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Businesses prepare for warm-weather customers

Published: Sunday, April 14, 2013 5:30 a.m. CDT • Updated: Sunday, April 14, 2013 6:33 a.m. CDT
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(Monica Maschak - mmaschak@shawmedia.com)
Dianna O'Connor, owner of The Freeze in Crystal Lake, makes a new menu for the coming season. O'Connor plans to open the shop today.
Caption
(Monica Maschak - mmaschak@shawmedia.com)
Dianna O'Connor prepares The Freeze for a new season.
Caption
(Monica Maschak - mmaschak@shawmedia.com)
Dianna O'Connor, owner of The Freeze, fills containers with slushee flavors.

CRYSTAL LAKE – With spring off to a wet and cold start, seasonal business owners are busy preparing for a rush of customers this summer.

This week Dianna O'Connor prepared signs, ordered supplies, and started stocking the kitchen at The Freeze, an ice cream shop on Route 14 in Crystal Lake that will be packed with families on hot days this summer.

O'Connor, with help from family and employees, scrubbed and spruced to get the seasonal business ready to open Sunday.

"It's a four- to five-week process to clean up, sanitize, and get the place looking nice after winter," said O'Connor, 50, who has owned The Freeze for the last 17 years.

In addition to other preparations, O'Connor and others come up with a signature sundae for each summer. This season's creation hadn't yet been named as of early last week.

Recipes for The Freeze's famous cheese fries and Coney dogs won't change. O'Connor said expensive, high-quality cheese sets her cheese fries apart and the Coney dogs are made according to a secret family recipe.

O'Connor, who spent summer days at The Freeze as a child, has many loyal customers. The first few weeks of the season often feel like a family reunion, as longtime customers stop by to pick up their favorite treats.

"They're like our family," she said.

Elsewhere in McHenry County, garden centers, construction companies, marinas, landscaping companies, some restaurants, and many other businesses are getting ready for their busiest time of year.

Before the McHenry Outdoor Theater opens for the season May 3, owner Scott Dehn has a lot to do. He'll be organizing an effort to repaint the theater's seven-story tall screen, setting up concession operations, and grooming the grounds of the drive-in.

He's also laying out plans to save the much-loved theater as studios phase out 35mm movie prints.

In 2012, Dehn launched an campaign with online crowd-funding site Kickstarter to raise $130,000 to convert the theater to a digital movie format instead of its current 35mm set-up. Because the Kickstarter effort fell nearly $100,000 short of its goal, no money was invested, Dehn said.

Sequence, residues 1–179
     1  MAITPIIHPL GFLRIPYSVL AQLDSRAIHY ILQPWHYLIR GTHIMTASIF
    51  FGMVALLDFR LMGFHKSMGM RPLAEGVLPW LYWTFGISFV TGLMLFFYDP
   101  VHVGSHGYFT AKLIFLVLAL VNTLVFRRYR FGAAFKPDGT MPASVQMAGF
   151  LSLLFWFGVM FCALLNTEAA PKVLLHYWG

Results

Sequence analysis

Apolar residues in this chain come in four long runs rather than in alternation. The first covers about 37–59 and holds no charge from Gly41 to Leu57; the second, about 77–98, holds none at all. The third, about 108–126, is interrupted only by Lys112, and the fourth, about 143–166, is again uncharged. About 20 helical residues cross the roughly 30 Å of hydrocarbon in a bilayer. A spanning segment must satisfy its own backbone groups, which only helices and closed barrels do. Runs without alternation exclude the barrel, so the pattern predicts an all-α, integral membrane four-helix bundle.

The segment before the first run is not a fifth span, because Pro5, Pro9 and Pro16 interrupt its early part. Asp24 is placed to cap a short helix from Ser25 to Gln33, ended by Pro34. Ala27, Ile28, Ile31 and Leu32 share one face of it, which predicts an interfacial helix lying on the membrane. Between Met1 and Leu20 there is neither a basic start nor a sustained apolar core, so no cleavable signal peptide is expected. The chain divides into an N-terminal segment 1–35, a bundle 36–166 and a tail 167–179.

This season, he's launching another drive to keep theater in business with a similar crowd-funding site called Indiegogo, which allows investment even if the ultimate goal isn't reached. Dehn, the 37-year-old owner of Golden Age Cinemas LLC, said he hopes to raise the full $130,000. At minimum, he would need to raise $60,000 to $70,000 through Indiegogo to secure funding from a bank to cover the cost of the digital upgrade.

Investors will get free tickets and other perks, including the opportunity to watch drive-in movies from the back of the 1963 Dodge pickup truck used in the new Superman film "Man of Steel."

"This is the big year," he said. "We're trying to save the theater."

It's also an important year for McHenry entrepreneur Michael Fitch, who is preparing for what he hopes will be a busy season sealcoating driveways and parking lots.

Fitch, 29, started Sealcoat Pros Inc. in 2012 after having worked in the industry for several years. In recent weeks he's been ordering supplies and upgrading his equipment.

Last year, he managed to get about 150 projects, in part, by knocking on doors.

Although the small business owner has several projects already booked for this summer, the wet weather has slowed the start of the sealcoating season, Fitch said.

Like most other businesses, there's not much of an off-season for the owners of many small, seasonal businesses.

At the end of the sealcoating season, Fitch returns to commercial truck driving.

"I'm small, so I have to right now," he said.

When the McHenry Outdoor Theater closes in the first week of October, Dehn focuses on his movie theaters in downtown Libertyville, which operate year round.

And after O'Connor closes up The Freeze at the end of the season, she goes back to being a full-time mother of seven. Two of her children, Patrick and Matthew, both play hockey in the winter, which means "there's never a long break" between seasons.

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